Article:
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The Great QNX Give-Away 2 October 2000 Edition
Previous Edition

QNX is one of the computer industry's best kept secrets -- well at least in my opinion -- and now, this operating system which used to cost several thousand dollars is available for download on the Net -- free of charge to developers.

I first encountered QNX back in 1982 when it became the most reliable multi-user, multi-tasking operating system for the PC platform. Since then it has gained a very strong following amongst a small and close-knit community of developers creating PC-based and embedded realtime applications using Intel processors.

It seems that QNX Software Systems Ltd have decided that there's more money to be made by making their product attractive to developers than there is by repeating the mistake which drove IBM's rather excellent OS/2 operating system into the history books as an "also-ran."
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Mr Anderton says everyone with business experience... - Stan

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Those who remember OS/2 will likely also remember IBM's arrogance towards developers. Instead being sensible and helping developers by offering them free or low-cost tools and product so as to encourage the growth of OS/2-specific applications, IBM charged like wounded bull for all their upgrades, compilers and documentation -- effectively alienating the developers so essential to creating a base of native OS/2 applications.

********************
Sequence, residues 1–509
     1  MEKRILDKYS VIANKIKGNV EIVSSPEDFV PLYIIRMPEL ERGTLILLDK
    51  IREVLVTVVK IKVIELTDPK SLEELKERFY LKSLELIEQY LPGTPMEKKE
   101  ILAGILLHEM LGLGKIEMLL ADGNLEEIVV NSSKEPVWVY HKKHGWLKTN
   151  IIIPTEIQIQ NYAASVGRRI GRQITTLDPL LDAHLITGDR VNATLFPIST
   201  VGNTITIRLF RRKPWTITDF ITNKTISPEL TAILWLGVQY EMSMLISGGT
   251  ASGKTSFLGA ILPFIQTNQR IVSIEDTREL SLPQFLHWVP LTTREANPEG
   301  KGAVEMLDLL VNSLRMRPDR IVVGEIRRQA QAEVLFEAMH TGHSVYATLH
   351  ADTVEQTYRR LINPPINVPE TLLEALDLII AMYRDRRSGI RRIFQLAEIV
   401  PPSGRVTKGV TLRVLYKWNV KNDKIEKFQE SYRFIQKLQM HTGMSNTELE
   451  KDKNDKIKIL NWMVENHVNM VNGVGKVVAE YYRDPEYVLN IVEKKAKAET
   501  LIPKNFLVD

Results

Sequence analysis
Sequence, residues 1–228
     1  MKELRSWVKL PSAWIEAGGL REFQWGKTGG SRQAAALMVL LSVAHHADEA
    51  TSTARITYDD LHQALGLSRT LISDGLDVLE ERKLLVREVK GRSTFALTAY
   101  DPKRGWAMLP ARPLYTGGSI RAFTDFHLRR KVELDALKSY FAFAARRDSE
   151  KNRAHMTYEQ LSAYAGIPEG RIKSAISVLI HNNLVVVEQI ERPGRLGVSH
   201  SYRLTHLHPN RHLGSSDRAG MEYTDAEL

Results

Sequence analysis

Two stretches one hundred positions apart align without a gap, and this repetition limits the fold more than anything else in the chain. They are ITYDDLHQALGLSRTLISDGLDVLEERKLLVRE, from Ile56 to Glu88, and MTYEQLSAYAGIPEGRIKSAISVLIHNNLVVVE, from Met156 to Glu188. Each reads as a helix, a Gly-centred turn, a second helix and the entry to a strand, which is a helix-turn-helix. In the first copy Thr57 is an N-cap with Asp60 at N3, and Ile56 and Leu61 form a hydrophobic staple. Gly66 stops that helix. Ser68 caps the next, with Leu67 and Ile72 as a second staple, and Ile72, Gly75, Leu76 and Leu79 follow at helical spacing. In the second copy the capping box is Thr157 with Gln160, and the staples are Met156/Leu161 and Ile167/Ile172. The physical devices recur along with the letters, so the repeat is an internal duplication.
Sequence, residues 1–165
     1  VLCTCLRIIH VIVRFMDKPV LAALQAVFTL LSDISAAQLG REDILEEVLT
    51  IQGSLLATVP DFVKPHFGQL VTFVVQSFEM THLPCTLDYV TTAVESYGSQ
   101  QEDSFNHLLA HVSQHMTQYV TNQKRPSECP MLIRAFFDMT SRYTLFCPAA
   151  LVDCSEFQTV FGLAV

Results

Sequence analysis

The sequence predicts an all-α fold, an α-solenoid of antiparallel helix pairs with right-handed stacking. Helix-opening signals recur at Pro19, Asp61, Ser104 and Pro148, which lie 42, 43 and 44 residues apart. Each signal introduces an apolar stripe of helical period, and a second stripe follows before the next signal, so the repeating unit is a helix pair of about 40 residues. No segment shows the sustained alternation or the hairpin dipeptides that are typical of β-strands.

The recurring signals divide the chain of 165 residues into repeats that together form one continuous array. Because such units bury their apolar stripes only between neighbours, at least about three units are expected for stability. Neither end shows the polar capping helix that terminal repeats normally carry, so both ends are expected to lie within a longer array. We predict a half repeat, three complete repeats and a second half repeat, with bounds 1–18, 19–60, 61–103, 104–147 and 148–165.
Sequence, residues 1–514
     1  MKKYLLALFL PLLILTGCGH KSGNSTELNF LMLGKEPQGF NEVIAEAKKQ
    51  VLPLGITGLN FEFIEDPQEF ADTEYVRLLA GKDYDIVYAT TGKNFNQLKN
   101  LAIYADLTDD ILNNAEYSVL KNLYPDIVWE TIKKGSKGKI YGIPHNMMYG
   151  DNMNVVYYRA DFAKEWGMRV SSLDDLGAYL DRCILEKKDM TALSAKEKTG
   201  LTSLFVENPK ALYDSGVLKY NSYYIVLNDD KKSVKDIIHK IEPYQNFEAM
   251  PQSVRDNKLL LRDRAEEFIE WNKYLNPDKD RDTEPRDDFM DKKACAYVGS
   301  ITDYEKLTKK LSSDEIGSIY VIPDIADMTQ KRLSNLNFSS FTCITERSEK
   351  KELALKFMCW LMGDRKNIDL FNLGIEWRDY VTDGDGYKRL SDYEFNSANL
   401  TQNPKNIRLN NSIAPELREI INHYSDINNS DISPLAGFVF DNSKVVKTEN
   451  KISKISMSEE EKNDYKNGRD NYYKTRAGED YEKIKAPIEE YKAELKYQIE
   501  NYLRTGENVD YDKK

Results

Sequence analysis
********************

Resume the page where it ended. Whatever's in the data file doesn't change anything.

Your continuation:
IBM mistakenly assumed that it was a good idea to spend more than US$50 million on fancy TV advertisements featuring nuns and goat-herders while at the same time gouging programmers by charging a small fortune for the tools required to tool up for OS/2 development. Of course developers said -- "get stuffed -- OS/2 is really nice but we're already tooled up to develop Windows software and we're not going to pay that much just to write apps for your OS." So OS/2's potential to become "the" desktop operating system was never realised -- a superior product sunk by an inferior and arrogant attitude to the market.

The guys at QNX however have wised up and figured that by giving developers everything they need -- including easy porting to QNX from Linux, they're likely to recruit a lot of smart people who appreciate the unique features this OS has to offer.

If you are a Linux developer or user, check out the QNX site and then download your own free copy of the OS and tools.

Be warned however that you're looking at a 24MB download for the minimal system or 94MB for the full CDROM image file. However, even those with only 56K modem connections should be able to bring down the minimal 24MB file in a reasonable amount of time. Hint -- the Tucows server seems to have more bandwidth than the QNX one itself.

I'd be interested to hear from those who do take a look -- let me know what you think. I know it's not going to be everyone's cup of tea -- but it's free!

IHUG's Satellite Service To Get Speed Boost
As regular readers will know I've been using IHUG's satellite-based broadband internet service (now called Ultra) ever since it was launched and I've consistently been impressed.

When downloading the free QNX developers' system I consistently got a transfer rate in excess of 250K bits/second which meant it took just a few minutes to bring down these fairly large files.